Biology and management of the banana weevil (Cosmopolites sordidus germar) in the socioeconomic and agroecological context of the indigenous territories of Talamanca, Costa Rica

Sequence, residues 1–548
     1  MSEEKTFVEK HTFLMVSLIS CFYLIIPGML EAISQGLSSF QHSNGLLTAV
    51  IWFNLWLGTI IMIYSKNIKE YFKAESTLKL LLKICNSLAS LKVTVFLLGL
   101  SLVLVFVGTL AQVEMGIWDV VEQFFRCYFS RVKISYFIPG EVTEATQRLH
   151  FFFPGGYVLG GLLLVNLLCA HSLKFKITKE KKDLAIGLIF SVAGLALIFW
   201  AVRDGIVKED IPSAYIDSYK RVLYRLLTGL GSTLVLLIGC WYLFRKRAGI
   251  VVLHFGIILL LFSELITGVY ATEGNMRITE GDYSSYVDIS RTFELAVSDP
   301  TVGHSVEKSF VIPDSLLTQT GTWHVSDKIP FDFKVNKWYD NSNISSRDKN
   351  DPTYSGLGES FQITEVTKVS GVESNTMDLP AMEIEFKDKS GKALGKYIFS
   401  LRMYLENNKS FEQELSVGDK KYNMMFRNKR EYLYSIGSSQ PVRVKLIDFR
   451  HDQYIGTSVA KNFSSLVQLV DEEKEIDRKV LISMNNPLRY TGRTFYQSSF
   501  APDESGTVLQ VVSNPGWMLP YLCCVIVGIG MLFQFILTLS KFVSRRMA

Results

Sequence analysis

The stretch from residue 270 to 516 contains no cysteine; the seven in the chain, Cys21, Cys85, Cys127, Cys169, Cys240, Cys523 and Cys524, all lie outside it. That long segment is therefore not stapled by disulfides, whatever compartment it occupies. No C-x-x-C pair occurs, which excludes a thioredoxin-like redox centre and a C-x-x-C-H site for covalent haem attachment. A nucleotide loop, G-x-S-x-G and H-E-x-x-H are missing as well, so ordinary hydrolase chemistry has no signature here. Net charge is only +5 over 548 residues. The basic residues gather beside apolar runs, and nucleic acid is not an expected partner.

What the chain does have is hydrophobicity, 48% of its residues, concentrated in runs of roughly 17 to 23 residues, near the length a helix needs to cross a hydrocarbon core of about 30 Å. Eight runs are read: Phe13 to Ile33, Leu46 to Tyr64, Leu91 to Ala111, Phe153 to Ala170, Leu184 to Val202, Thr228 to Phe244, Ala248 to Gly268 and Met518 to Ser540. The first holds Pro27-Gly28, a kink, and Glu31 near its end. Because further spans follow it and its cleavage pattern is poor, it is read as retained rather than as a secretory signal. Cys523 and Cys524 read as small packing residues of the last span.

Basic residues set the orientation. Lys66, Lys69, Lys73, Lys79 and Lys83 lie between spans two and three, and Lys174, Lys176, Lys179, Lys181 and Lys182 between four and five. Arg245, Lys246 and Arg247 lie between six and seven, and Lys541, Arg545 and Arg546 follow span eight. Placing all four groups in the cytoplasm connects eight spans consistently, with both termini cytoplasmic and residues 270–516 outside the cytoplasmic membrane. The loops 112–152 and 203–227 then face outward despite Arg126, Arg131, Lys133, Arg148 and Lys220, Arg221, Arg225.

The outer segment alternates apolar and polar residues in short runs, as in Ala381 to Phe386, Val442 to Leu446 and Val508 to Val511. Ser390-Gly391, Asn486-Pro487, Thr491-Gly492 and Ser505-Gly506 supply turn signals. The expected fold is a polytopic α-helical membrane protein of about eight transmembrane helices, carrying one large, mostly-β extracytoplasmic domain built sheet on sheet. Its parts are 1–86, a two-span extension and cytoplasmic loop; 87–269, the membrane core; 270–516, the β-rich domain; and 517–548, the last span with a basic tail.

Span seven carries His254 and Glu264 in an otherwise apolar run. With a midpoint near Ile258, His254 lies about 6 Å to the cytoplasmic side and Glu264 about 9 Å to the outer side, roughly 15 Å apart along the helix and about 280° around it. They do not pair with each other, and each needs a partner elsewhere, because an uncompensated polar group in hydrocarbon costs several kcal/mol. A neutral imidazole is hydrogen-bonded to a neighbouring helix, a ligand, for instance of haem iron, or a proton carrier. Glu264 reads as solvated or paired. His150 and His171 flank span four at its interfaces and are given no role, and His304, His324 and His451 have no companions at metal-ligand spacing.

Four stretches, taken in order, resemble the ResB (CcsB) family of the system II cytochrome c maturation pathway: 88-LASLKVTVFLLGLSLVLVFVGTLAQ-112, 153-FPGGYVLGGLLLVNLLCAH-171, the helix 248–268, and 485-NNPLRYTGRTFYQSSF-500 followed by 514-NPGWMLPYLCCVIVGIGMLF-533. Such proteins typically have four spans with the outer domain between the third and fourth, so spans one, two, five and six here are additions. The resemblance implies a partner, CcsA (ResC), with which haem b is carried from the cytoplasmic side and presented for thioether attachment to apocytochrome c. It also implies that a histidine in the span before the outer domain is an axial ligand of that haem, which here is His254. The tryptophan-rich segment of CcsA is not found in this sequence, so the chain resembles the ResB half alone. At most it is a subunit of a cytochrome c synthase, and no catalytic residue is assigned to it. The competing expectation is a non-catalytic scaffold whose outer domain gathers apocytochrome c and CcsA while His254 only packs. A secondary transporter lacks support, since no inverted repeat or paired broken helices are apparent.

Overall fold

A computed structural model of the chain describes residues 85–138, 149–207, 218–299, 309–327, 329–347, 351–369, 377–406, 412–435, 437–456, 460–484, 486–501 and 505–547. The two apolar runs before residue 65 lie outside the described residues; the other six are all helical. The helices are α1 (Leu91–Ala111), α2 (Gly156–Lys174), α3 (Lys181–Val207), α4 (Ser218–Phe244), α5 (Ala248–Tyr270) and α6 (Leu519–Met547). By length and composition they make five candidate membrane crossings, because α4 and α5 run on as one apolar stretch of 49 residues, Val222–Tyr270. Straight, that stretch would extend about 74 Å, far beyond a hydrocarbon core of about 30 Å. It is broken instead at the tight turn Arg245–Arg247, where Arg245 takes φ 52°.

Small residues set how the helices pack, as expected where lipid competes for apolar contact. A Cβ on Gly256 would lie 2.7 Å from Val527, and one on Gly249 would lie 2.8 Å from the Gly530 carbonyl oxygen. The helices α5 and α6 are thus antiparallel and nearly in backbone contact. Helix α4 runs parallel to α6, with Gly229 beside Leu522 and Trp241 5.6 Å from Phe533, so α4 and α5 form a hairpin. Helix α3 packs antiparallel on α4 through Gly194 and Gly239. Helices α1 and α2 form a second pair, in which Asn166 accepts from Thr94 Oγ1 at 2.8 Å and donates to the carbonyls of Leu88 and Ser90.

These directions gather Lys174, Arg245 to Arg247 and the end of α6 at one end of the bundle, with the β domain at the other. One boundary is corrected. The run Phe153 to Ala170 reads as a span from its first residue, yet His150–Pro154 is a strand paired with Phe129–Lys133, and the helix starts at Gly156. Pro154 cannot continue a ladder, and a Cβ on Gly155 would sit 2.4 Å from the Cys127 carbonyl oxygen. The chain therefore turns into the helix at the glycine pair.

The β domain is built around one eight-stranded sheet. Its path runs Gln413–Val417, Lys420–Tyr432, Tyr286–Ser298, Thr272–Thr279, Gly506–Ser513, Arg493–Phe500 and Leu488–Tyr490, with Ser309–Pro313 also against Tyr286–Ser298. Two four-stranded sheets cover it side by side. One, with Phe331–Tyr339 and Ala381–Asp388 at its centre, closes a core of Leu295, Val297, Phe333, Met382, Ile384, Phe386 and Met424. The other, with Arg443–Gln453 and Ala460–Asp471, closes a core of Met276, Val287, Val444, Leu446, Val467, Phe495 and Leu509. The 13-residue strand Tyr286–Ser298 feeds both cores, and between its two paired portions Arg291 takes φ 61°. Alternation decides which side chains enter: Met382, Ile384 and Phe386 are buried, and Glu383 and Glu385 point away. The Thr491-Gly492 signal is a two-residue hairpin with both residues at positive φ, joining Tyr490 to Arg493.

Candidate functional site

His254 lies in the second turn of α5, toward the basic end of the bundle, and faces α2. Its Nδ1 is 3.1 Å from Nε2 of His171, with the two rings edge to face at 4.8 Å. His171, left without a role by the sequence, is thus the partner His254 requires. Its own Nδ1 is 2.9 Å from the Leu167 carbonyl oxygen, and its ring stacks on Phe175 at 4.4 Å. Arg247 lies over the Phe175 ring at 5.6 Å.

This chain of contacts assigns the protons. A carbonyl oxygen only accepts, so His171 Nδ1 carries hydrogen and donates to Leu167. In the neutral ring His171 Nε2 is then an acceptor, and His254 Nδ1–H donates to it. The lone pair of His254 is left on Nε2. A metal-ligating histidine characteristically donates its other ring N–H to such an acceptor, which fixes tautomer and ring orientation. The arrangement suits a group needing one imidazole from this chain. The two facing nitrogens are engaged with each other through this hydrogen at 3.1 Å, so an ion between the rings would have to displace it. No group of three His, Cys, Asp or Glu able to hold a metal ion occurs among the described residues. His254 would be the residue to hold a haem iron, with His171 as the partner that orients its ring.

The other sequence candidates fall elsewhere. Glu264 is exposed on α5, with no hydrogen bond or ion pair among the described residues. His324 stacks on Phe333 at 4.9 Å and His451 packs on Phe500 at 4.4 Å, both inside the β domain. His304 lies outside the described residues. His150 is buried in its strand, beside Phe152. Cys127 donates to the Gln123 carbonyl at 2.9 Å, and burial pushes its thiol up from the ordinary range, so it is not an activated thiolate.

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The banana weevil is a pest on bananas and plantains throughout the tropics. No published studies exist on the banana weevil in smallholder banana and plantain systeMON within the Bribri-Cabécar Indigenous Territories in Talamanca, Costa Rica. Alternatives to pesticides in plantain and improved pest management in organic banana to increase profitability of agroforestry systeMON are needed. We conducted a livelihoods analysis of cacao agroforestry systeMON comparing cacao to plantain and organic banana. Existing production data was integrated with data from household interviews to identify factors in the decline of cacao agroforestry systeMON. We also conducted a rapid rural appraisal with plantain and organic banana producers. Weevil damage decreased by 33% in farMON with traps, and did not decrease in control farMON. There was no reduction in trap catches, indicating that damage reduction can occur without reduction of weevil populations. We evaluated movement patterns of banana weevils in response to host plant volatiles at 1 and 2 m distances in the field. Weevils were tagged, released, and relocated using harmonic radar. Weevils oriented to host plant volatiles at 1 m but not 2 m, and displayed positive orthokinesis at both distances.